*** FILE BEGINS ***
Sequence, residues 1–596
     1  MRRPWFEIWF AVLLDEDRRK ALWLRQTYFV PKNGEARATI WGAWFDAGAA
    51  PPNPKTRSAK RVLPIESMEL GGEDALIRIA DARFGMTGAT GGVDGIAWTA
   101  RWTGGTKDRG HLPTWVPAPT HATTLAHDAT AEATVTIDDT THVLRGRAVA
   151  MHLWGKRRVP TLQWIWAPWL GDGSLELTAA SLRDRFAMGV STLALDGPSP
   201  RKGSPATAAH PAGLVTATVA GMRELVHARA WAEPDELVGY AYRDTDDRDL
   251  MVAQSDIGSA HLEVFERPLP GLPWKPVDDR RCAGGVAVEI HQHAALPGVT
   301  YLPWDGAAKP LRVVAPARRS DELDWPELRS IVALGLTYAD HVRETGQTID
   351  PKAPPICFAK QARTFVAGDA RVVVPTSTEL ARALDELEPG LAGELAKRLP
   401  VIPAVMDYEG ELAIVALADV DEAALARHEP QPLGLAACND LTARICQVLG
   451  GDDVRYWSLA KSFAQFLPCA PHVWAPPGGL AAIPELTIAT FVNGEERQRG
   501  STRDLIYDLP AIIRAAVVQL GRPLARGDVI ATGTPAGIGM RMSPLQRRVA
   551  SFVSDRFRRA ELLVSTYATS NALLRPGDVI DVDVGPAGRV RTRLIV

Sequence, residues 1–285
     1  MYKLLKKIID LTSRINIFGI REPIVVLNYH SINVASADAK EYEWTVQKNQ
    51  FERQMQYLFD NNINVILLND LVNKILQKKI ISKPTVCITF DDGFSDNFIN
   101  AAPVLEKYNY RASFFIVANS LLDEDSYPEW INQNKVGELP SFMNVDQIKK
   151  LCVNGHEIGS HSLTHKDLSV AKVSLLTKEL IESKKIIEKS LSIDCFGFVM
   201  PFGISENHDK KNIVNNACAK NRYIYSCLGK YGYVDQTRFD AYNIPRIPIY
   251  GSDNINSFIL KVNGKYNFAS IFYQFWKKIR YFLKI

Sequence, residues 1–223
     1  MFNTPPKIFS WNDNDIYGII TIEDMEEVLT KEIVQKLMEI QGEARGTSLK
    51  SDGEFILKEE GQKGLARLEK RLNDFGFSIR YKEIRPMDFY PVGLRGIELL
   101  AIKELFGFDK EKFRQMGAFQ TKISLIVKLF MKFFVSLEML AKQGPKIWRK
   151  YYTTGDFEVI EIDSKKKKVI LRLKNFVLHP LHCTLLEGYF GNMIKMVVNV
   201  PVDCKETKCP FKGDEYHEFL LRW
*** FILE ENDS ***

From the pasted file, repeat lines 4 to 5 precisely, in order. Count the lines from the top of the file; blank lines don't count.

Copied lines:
   101  RWTGGTKDRG HLPTWVPAPT HATTLAHDAT AEATVTIDDT THVLRGRAVA
   151  MHLWGKRRVP TLQWIWAPWL GDGSLELTAA SLRDRFAMGV STLALDGPSP